The Buddhists often been to Japan the messengers of progress and light. In a real sense has Buddhism been the “Light of Asia,” and perhaps no part of Asia has received as much through it as has Japan (Eliot 115). However, it does not mean that Japan would have remained in darkness if it had not been for the religion of the Buddha. But the history of Japan having been what it was, it is correct to say that Buddhism has been a determining factor, and that the sources of Japanese culture have been either directly or indirectly mainly Buddhist.
In the field of art it is more correct to say that Zen Buddhism created certain branches of Japanese art than simply that it influenced them. Thus Japanese architecture, sculpture and painting are what they are because Zen Buddhism has made them so. Music and poetry have also been influenced, though perhaps to a lesser degree.
Japanese poetry, also, shows the influence of Zen Buddhism. It may be difficult to prove that the form of poetry has been much influenced but its contents reflect every aspect of Zen Buddhist thoughts and ideals. This is peculiarly true of the short stanzas called Tanka, consisting of not more than five lines and thirty-one syllables, and still more of the Hokku, consisting of only seventeen syllables (Izutsu 75). These short poems are really more like epigrams and so are apt vehicles of sentiments too deep for thought or ideals too lofty for many words. The favorite subject matter of these short poems are “the flowers, the birds, the snow, the moon, the falling leaves in autumn the mist on the mountains . . . and the shortness of human life,” but the point of view from which these are treated is usually the Buddhist (Eliot 70). Thus the favorite cherry blossom is the symbol of the brave knight who does not cleave selfishly to this life; the moon is the symbol of the change to which all things are subject, the falling leaves in Autumn point the way of all life, and the shortness of human life is, of course, an ever-recurrent note in Buddhism; and the short stanza is especially well suited to give expression to a sigh over life’s fleetingness.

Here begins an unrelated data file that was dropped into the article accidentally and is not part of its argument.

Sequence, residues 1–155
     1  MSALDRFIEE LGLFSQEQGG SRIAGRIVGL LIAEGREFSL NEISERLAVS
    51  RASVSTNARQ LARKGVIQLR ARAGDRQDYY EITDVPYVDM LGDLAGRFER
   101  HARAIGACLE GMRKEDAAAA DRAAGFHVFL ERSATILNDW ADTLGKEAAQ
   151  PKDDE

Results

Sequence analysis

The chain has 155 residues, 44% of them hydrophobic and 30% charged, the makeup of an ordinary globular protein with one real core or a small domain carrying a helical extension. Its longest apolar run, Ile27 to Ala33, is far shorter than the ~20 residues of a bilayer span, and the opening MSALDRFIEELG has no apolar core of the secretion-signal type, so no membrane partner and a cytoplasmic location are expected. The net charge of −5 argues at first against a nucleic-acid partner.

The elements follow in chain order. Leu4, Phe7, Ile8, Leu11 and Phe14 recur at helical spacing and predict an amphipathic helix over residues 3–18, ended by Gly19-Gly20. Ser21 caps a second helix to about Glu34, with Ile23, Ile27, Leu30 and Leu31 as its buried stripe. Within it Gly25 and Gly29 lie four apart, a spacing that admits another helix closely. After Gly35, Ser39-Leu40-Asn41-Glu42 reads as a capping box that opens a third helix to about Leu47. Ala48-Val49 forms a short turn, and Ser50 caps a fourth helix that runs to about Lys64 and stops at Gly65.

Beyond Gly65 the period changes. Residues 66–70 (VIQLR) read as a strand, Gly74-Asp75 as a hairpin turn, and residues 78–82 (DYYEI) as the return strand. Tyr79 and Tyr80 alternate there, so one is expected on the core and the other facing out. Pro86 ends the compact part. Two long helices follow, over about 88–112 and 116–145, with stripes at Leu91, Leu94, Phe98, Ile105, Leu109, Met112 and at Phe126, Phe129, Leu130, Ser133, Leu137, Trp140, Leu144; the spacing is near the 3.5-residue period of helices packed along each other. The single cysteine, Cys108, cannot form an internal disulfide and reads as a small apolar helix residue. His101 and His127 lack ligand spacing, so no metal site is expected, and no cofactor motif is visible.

Then a form of poetry which is distinctively Buddhist is the Wasan or Buddhist hymn. Though the Wasan is not ordinarily ranked very high as literature, occasionally these hymns rise to high levels and compare not unfavorably with our Christian hymns and songs (Dumoulin et al 95).
But if the influence of Zen Buddhism on Japanese life has been strong in the field of art, it has been perhaps even greater in the realm of philosophy and religion. In fact, it is very doubtful whether Shint? would have survived at all if it had been opposed by Zen Buddhism, and not incorporated into it; for Shint? was entirely too primitive to have satisfied much longer the growing intelligence of the Japanese (Eliot 77). Buddhism’s victory might have been delayed but it would have been inevitable. And Confucianism, too, gained its hold in Japan largely because Buddhists propagated it. It was fostered by them because it supplemented the Buddhist teachings, especially in the field of practical ethics. Thus, as we have said, both Shint? and Confucianism had their place in Japanese life largely on terms laid down by Buddhism. This, of course, in turn affected Zen Buddhism and made it quite different in Japan from what it was in other lands. But still the genius of the religion of the Japanese people, especially in its higher intellectual and philosophical aspects, has been for centuries and still is today, more Buddhist than anything else.